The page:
A DEVELOPMENT scheme that has pulled thousands of families in Rwanda out of poverty without spending any foreign money has been praised in a UK tour by two African archbishops.
The scheme, Raising Families, run by the Church of the Province of Rwanda in partnership with the aid agency Samaritan’s Purse, has had remarkable results across the country, and is now being expanded into neighbouring Uganda.
The Primate of Rwanda, Dr Onesphore Rwaje, was joined by the Archbishop of Uganda, the Most Revd Stanley Ntagali, on a tour of Britain last week to raise the profile of the scheme.
The project works by asking Anglican churches to pick 20 poor families in their parishes to focus on. The target families are then taught better farming practices, how to read and write, how to invest their limited cash better, and self-reliance, by members of the congregation.
Dr Rwaje said last week that the scheme used illustrations from
the Bible to encourage the target families not to look to outsiders for assistance, but to help themselves.
“When the Lord wanted to liberate the Israelites from Egypt, he called Moses to be his agent,” Dr Rwaje said. “He asked him: ‘What is that in your hands?’”
By asking the same question, and encouraging communities to work together, Raising Families had seen impressive outcomes.
In many areas, poor farmers come together in groups of ten to 12, and each brings 100 francs (about nine pence) a month. By pooling their resources, one of the group is given 1200 francs (about £1.11) to spend improving his land or investing in his farm.
The next month, another in the group is given the cash to spend. Children are encouraged to buy and raise rabbits as a cheap source of meat, and to use their pooled funds to buy corrugated-iron sheets to roof their homes.
“We are mobilising the community, using our local churches as action groups to fight against poverty, illness, and their ignorance,” Dr Rwaje said. “It has been successful because they help each other: they know each other’s needs, and how they can do it together. The Church is there [only] to facilitate.”
The 10,000 families targeted in Rwanda by Raising Families had seen huge improvements, Samaritan’s Purse said. At the start of the scheme, three years ago, 63 per cent of the children from those families had been deemed to be safe from abuse, neglect, or exploitation. Now, the figure was 95 per cent.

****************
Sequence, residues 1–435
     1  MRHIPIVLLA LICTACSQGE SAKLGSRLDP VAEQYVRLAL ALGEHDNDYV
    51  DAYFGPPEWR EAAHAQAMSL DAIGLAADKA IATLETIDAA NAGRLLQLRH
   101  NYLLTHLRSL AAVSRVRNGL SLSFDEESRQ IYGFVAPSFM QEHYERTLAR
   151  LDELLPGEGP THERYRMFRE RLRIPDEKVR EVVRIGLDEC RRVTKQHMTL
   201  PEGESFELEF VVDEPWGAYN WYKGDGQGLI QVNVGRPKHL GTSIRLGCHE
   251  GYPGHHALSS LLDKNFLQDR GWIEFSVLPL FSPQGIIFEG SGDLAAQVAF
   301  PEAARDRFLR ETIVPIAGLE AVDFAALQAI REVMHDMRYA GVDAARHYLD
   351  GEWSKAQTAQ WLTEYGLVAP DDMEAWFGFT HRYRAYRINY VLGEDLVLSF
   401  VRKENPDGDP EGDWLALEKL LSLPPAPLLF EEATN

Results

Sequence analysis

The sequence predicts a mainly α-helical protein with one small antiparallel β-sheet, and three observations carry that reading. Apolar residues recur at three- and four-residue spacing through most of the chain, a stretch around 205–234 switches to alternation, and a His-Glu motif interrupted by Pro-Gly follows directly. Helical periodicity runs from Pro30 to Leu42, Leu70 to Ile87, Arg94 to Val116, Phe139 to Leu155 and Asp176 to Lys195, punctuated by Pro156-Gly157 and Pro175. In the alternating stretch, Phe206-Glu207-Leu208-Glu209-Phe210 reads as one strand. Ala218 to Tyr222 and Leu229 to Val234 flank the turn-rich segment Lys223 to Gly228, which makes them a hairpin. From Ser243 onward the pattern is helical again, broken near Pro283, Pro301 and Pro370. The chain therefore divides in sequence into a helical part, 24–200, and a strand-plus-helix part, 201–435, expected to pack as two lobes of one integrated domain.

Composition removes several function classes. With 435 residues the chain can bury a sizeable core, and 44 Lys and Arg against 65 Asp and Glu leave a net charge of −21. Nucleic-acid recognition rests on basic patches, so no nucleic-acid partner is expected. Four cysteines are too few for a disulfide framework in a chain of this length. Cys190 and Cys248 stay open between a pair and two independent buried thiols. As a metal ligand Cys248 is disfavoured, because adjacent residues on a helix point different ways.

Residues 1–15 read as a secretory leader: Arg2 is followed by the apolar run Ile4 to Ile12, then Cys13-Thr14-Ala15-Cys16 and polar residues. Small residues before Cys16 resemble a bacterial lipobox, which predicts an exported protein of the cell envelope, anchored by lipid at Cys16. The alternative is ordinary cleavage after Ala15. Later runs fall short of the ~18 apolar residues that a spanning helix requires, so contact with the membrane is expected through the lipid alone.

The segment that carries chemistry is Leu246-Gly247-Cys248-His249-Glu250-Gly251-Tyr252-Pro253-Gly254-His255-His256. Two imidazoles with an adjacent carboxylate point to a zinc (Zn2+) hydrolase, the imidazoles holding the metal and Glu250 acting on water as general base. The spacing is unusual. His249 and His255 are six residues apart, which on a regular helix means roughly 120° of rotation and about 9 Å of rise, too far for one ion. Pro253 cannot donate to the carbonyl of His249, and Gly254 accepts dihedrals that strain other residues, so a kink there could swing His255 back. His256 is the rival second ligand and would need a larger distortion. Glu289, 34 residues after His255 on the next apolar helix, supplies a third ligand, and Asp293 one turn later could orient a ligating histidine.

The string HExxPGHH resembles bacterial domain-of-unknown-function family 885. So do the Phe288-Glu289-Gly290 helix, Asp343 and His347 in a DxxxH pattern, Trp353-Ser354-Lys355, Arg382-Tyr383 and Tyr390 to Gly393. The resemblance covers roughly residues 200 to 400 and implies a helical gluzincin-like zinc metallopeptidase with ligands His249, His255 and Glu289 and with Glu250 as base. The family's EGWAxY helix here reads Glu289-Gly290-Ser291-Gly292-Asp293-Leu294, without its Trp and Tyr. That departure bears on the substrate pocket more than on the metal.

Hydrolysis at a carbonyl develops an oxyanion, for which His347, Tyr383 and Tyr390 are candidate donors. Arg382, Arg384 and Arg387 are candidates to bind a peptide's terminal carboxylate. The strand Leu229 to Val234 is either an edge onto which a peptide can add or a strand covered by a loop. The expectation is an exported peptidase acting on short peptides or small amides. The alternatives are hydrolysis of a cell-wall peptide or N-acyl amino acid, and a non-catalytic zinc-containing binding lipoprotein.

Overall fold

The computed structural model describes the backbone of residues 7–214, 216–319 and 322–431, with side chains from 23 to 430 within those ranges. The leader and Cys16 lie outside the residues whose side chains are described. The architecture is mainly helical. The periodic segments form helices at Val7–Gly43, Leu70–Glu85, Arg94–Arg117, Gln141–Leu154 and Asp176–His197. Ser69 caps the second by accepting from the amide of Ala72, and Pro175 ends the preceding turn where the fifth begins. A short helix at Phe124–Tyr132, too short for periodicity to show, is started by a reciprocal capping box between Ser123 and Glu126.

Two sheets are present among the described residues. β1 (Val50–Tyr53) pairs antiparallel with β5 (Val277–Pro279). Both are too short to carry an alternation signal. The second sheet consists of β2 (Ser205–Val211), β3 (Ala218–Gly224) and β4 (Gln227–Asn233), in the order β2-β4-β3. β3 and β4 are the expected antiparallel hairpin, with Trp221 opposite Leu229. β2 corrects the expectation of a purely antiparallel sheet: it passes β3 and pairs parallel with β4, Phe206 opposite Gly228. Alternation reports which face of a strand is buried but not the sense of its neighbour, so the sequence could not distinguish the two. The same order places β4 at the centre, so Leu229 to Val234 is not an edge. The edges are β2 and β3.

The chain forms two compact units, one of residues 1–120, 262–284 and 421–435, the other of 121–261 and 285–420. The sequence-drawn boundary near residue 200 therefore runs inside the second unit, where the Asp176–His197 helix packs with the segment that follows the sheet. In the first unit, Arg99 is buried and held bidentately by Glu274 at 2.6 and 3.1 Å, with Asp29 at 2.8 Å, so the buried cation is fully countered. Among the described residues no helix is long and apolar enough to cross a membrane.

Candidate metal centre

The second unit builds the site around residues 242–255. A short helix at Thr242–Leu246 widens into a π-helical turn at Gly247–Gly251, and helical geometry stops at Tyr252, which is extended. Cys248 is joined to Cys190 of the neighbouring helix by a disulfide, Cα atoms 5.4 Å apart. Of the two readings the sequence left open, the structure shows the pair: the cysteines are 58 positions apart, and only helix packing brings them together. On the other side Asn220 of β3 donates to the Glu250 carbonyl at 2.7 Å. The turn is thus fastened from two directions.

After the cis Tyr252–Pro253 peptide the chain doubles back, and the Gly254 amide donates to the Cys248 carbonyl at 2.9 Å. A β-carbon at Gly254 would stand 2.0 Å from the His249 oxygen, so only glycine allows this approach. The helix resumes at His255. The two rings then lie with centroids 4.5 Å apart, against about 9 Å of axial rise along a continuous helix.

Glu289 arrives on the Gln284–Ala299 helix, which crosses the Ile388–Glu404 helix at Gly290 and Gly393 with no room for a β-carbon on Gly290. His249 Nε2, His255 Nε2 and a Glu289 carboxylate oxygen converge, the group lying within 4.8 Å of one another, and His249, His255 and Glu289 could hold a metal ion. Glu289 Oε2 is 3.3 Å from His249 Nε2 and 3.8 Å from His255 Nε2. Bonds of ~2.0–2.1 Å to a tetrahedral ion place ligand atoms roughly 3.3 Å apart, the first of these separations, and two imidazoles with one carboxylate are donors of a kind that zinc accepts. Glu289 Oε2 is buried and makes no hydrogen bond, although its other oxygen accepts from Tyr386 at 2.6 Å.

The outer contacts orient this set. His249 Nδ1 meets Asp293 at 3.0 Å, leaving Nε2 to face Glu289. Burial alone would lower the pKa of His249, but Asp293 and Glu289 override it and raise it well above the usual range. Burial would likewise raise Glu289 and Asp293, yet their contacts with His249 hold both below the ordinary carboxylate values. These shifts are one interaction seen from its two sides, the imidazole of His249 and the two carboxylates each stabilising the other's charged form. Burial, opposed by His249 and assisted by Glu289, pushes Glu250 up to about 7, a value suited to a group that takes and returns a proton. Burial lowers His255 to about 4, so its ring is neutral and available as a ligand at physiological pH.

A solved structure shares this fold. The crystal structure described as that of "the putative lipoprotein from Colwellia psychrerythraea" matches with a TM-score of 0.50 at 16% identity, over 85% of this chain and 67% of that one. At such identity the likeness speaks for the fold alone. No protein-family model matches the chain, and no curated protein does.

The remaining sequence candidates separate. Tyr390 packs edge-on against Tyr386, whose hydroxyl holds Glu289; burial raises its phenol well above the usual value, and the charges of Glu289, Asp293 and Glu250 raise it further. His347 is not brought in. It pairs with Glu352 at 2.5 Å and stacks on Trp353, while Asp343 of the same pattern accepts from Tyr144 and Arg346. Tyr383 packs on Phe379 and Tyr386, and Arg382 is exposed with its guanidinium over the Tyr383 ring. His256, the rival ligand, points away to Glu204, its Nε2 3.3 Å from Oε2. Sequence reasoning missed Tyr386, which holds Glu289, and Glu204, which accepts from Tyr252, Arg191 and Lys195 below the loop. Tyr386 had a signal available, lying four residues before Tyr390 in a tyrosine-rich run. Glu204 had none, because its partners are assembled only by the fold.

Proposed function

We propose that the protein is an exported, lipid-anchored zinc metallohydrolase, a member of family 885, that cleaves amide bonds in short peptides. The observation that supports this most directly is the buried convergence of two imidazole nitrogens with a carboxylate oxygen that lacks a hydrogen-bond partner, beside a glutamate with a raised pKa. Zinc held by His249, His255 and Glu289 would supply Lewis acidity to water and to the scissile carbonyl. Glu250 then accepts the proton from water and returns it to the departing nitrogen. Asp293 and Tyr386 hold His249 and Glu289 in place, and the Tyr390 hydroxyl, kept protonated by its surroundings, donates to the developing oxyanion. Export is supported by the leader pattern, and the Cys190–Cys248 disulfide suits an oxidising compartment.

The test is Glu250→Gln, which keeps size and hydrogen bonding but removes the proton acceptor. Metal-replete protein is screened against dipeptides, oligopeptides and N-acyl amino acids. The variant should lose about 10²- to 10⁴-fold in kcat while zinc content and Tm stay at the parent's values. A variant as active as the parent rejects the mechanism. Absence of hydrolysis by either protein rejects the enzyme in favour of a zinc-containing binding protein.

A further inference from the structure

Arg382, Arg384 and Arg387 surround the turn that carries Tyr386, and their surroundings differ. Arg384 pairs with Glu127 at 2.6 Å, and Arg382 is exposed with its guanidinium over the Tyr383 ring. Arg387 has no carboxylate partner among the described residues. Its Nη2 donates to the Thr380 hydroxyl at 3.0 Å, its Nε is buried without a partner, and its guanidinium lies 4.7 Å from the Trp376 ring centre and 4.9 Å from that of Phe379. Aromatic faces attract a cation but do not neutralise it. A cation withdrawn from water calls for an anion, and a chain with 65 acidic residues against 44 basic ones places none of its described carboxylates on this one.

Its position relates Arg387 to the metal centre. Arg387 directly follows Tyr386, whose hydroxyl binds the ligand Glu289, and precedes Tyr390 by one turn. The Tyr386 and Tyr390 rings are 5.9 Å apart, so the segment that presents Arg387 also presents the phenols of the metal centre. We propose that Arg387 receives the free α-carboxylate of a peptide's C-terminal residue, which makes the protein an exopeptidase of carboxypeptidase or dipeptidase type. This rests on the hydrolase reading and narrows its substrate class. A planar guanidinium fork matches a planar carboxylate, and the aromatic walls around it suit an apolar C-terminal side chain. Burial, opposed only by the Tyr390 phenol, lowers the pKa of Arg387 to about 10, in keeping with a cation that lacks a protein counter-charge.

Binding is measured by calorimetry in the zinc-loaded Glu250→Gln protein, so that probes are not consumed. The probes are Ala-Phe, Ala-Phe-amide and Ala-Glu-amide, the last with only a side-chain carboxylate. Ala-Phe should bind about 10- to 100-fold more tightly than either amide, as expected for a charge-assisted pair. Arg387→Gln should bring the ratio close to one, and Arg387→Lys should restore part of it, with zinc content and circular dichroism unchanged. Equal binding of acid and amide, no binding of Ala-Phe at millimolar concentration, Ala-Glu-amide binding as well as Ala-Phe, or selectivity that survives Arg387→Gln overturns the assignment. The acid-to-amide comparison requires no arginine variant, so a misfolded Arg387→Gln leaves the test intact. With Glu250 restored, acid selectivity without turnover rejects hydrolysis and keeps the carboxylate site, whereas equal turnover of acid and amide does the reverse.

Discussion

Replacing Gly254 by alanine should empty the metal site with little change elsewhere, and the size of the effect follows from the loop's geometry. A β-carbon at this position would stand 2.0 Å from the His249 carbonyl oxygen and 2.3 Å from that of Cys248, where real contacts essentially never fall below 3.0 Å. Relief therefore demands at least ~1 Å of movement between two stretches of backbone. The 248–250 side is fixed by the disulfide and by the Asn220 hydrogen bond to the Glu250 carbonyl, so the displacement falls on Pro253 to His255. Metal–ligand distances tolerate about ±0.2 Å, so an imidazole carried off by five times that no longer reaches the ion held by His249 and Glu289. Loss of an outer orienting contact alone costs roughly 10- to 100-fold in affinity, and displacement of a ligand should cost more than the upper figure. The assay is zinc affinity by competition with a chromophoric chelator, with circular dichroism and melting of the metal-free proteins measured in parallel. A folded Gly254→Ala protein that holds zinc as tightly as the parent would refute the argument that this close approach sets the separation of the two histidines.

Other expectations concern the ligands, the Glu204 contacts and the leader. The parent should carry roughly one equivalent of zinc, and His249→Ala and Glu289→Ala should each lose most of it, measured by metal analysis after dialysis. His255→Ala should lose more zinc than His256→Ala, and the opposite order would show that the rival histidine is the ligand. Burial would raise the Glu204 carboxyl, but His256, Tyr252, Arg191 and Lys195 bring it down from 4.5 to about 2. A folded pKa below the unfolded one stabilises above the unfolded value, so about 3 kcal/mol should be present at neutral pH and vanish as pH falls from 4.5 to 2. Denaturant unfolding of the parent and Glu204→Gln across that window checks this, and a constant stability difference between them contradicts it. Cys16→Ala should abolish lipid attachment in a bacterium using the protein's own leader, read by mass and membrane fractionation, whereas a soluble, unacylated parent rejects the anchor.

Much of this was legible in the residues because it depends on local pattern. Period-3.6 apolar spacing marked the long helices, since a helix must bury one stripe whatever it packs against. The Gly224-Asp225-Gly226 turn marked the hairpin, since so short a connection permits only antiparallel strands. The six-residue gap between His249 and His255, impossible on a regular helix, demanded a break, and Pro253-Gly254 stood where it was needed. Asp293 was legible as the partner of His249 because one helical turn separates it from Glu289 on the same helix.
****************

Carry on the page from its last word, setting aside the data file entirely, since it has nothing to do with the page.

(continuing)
Similarly, only 43 per cent of the target families’ children had had access to health care; now, it was 85 per cent. Originally, just 13 per cent of the families had been managing to put aside any money each month as savings; now, 41 per cent were able to do so.
“The Church has become the agent for spiritual, social, and economic development,” Dr Rwaje said. No money from abroad had been used to pull any of the families out of poverty: they had managed it themselves. “We are all beneficiaries, and there are no donors.”
This year, the Church of the Province of Uganda will begin its own Raising Families scheme, inspired by the success in Rwanda.
Archbishop Ntagali said that the scheme would focus on 9600 especially needy families in north-western Uganda, who had been affected by the insurgency of the Lord’s Resistance Army, and climate change, as the rains had repeatedly failed.
“We are improving farming techniques so people can have enough food to feed their children,” he said. “And, if they have enough to eat, they can have more to sell, and send their children to school and improve their health.”
Alan Cutting, of Samaritan’s Purse, said that the Archbishops had been invited to talk in the UK about Raising Families because of their support for it. “This programme depends on the key people and the leaders’ being behind it. They are really engaged with it, and we are hugely grateful for that. When the vision comes from the Archbishops, it has got much more chance.”